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Storms, sectors, and stocks: How the economy is impacted by monsoon?

24 Aug 2021 by Team FinFIRST

A healthy portion of India’s economy depends on the monsoon. If the rains are heavy, it benefits India’s agricultural output, which means there is a positive demand and supply for goods; this is a healthy sign for the economy. Banks notice fewer defaulters too, so they are able to offer personal loans, credit cards, auto loans, and other credit options at advantageous rates.

Now, let’s understand how:

Rains influence demand and supply

India’s summer monsoon is the period when ‘Kharif’ crops such as rice, maize, and cotton are planted. A poor rainfall season means reduced supply, which in turn puts immense pressure on retail demand. It leads to people comprising on their monthly groceries, small eateries having to tweak their menus, which ultimately leads to the government having to import food items. This indirectly impacts the economy. 


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It generates employment

A bumper rainfall season means landowners or farmers will need more workers, they’ll take out personal loans or agricultural loans to buy farm equipment and even tractors through an auto loan as they have the confidence to pay back the amount. Vegetable markets will see more customers because they know monsoons were good and there will be a bumper harvest, which means more vegetable sellers and delivery personnel.

The rural economy depends on a good monsoon

A major part of India’s rural life revolves around agriculture. A poor rainfall negatively impacts demand for agricultural goods and the sellers of said products see their income status affected. They either close shop or seek personal loans to tide through the period. It also affects allied industries such as irrigation, farm equipment makers and pesticide sellers. The entire rural economy can be affected severely because of a bad monsoon.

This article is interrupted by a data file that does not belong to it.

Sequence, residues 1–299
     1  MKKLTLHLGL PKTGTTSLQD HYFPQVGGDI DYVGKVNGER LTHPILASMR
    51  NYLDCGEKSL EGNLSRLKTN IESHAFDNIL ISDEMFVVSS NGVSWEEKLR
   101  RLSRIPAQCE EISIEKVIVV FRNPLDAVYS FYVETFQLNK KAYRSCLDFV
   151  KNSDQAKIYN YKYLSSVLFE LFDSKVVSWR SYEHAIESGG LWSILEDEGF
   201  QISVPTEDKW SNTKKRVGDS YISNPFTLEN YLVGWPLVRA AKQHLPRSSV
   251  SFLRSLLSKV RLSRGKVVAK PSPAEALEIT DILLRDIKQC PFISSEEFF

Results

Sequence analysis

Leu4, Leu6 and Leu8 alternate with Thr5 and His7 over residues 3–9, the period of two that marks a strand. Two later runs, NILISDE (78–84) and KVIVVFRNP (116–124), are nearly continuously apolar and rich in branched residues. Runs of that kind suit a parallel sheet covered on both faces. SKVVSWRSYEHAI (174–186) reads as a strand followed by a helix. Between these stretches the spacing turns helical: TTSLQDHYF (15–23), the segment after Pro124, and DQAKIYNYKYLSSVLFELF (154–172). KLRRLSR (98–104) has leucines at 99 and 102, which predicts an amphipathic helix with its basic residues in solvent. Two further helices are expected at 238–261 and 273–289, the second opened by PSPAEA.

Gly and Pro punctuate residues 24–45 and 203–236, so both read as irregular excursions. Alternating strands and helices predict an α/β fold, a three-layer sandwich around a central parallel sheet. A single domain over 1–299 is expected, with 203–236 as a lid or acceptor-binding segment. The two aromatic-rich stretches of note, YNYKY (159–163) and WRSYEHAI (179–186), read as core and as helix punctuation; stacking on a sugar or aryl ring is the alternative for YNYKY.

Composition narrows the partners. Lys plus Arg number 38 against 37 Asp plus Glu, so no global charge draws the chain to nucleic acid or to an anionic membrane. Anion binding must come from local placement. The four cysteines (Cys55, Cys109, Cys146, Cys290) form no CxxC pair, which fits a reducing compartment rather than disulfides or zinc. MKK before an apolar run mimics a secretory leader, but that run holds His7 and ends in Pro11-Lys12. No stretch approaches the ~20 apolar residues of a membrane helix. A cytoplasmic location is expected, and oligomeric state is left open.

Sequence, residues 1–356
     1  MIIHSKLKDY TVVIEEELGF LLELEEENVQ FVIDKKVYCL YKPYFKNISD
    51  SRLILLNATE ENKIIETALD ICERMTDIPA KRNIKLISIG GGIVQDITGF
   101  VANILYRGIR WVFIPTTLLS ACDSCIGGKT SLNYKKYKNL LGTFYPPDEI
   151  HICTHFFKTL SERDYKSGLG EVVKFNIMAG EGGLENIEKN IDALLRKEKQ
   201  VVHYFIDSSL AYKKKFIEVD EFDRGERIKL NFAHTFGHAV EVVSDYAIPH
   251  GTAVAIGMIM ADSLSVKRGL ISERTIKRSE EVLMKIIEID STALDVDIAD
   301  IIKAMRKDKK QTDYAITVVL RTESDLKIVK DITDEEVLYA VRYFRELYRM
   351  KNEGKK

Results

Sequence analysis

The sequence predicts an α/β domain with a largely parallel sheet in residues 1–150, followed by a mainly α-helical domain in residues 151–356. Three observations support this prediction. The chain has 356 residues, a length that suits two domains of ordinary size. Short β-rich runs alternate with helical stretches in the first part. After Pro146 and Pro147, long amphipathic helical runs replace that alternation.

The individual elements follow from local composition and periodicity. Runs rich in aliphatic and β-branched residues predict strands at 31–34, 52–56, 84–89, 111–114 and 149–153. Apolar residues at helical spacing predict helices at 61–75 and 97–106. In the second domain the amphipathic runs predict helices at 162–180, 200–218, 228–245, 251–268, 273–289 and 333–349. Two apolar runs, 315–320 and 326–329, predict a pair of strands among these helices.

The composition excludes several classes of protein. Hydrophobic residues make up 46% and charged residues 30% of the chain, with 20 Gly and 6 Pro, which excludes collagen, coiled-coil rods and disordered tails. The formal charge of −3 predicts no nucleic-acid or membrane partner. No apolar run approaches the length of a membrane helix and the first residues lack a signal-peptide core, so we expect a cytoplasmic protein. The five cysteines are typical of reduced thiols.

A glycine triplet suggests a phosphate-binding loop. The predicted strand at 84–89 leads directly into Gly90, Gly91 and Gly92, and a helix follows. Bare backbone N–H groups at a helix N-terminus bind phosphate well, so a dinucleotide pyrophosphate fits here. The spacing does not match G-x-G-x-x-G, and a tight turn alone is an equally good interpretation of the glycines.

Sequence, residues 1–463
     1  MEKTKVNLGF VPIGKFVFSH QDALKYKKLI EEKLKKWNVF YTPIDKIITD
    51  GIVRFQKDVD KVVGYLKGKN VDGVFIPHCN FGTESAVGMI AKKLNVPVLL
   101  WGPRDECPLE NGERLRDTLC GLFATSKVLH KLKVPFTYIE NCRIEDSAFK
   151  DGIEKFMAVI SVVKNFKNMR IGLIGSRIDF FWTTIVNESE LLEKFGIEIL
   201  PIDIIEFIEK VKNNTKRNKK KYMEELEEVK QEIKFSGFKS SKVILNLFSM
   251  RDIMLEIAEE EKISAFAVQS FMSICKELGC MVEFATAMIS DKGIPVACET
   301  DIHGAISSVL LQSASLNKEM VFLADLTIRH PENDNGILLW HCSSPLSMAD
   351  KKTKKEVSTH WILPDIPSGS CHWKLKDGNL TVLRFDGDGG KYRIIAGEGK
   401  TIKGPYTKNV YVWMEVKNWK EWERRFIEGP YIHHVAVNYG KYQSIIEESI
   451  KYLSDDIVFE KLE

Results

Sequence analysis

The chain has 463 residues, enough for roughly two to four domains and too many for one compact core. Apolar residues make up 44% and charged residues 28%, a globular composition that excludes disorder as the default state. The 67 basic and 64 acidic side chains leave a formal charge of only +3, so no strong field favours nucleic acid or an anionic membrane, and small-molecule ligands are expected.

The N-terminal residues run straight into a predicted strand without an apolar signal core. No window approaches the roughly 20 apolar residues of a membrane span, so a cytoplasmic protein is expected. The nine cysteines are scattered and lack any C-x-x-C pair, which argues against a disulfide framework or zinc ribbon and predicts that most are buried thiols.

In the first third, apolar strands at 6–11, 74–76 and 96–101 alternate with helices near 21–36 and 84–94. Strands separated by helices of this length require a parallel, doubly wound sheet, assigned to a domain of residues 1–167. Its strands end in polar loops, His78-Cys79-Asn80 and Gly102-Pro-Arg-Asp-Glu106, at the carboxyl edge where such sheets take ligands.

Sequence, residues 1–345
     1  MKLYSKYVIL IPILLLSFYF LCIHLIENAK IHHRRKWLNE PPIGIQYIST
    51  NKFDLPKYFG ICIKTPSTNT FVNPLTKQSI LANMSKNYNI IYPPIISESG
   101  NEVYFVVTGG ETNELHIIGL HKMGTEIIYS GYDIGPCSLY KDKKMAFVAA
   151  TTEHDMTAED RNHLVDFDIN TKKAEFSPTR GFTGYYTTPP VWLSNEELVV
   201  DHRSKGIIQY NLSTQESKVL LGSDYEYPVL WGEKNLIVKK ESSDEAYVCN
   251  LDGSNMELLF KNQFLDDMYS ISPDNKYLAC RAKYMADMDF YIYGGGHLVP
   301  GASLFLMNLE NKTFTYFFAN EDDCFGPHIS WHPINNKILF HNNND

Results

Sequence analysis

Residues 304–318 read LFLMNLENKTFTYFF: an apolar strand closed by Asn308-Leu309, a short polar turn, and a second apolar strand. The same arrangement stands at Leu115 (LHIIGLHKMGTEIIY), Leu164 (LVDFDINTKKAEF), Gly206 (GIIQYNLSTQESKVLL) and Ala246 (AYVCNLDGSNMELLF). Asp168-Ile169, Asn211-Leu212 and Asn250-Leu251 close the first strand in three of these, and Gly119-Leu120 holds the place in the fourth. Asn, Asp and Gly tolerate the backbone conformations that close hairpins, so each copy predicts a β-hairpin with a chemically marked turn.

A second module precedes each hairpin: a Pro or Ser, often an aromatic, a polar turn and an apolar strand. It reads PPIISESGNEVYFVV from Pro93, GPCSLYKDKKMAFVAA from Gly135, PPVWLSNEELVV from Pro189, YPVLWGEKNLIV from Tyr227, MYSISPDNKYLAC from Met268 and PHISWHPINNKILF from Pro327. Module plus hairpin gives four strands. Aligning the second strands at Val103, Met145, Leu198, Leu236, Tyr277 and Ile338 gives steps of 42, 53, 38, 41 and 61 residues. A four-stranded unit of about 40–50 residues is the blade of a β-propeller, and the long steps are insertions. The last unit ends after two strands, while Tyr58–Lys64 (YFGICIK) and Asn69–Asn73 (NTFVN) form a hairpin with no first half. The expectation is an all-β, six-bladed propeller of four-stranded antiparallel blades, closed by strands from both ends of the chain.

Banks see lower deposits

Savings account
balance in rural regions rise or deplete based on the monsoon. In case, the monsoons were healthy, farmers see their incomes rise. This ensures that they will deposit more money in their bank accounts. Banks use the same money to offer advantageous loans to those in need and the financial cycle runs smoothly.

It generates Hydro-electric power

The distinct advantage of hydro-electric power over all other types of power is that its source - monsoon water, is perennial, although it shows some fluctuations from year to year. The wind power is used for electricity, grinding corn and drawing water.

Monsoon is one of the key pillars on which the Indian economy rests. Besides, with the ever increasing population of the country, the food grains produced are much lesser than the food grains consumed. So, without a good shower, India could face a major national crisis.

Hence, the months between June and September are critical for the nation. 



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